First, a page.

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When self-proclaimed "free-range parents" Danielle and Alexander Meitiv let their kids walk home from the park alone this weekend, somewhere in the backs of their minds they worried there might be trouble.
Not from their kids, Rafi, 10, and Dvora, 6—who knew to be home by 6 p.m—but from authorities, who had already held the parents responsible for "unsubstantiated neglect" in December, when a concerned neighbor called authorities after seeing the two youngsters hoofing it on their own.
But this time, things were a whole lot worse than before. The kids headed home around 5 p.m., but were picked up by police just two blocks from their house. They were held in a police car for two hours, and eventually taken to a crisis center. Meanwhile, the Meitiv parents were becoming frantic, according to the Washington Post.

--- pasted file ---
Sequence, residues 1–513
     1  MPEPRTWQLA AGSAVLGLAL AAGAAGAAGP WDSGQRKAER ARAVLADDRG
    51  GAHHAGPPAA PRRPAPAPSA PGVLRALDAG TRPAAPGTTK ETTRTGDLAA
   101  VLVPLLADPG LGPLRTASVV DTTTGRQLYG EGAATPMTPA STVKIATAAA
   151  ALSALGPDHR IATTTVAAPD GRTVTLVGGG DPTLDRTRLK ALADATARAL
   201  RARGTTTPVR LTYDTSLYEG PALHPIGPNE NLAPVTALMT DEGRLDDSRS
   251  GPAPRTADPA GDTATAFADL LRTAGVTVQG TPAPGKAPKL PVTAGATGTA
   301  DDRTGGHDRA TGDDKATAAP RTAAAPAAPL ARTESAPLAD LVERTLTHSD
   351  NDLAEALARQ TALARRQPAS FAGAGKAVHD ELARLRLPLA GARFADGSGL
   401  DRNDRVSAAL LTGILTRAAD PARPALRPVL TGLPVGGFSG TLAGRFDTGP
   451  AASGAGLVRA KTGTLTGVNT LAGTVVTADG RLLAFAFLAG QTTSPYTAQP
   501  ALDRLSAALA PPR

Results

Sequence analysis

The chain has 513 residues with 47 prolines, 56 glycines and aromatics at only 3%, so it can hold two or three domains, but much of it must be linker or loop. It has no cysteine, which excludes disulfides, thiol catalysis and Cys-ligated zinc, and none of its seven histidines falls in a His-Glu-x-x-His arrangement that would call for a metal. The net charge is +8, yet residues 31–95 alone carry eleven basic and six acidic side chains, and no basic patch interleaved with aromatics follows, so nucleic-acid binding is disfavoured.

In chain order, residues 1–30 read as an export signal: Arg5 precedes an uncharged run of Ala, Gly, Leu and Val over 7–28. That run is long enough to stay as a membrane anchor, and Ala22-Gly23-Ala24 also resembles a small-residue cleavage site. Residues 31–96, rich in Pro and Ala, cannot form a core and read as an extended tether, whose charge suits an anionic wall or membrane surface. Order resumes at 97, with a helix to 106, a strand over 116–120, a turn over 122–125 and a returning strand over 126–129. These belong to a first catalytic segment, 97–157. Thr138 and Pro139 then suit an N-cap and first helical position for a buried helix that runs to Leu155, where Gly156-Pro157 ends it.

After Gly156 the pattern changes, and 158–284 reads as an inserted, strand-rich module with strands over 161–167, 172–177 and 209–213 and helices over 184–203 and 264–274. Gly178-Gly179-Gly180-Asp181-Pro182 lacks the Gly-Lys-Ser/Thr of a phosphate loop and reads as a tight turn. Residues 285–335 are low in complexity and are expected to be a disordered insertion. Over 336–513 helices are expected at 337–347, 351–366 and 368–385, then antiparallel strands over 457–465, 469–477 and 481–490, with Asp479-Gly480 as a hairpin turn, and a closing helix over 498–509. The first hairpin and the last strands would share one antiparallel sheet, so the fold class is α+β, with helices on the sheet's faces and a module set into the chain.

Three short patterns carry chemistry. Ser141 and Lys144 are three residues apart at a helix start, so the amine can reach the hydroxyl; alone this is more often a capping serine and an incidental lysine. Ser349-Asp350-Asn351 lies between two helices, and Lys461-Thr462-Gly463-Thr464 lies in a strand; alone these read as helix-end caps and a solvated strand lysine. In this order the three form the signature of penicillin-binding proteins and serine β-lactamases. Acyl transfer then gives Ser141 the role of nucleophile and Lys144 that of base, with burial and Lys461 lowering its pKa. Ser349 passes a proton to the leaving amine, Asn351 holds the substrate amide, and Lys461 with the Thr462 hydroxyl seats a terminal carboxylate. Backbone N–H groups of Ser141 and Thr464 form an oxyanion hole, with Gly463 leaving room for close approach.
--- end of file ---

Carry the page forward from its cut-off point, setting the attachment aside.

After the kids weren't home by 6, Alexander went out to search while Danielle stayed home in case they showed up. Eventually—hours later—they got a call from authorities, who said they had the kids.
The kids were released to their parents around 10:30 p.m. The couple had to wait more than two hours at the crisis center before being allowed to see their young ones.
In order to get the kids back, the couple had to sign papers saying the would not leave the children unsupervised until Child Protective Services could follow up.
The Meitivs are one of a number of families who have been brought before authorities for letting kids have freedoms that others in their community think are too much. The two are luckier than other moms, some of whom have been arrested or even jailed.
Danielle is a climate-science consultant, and Alexander is a physicist at the National Institutes of Health.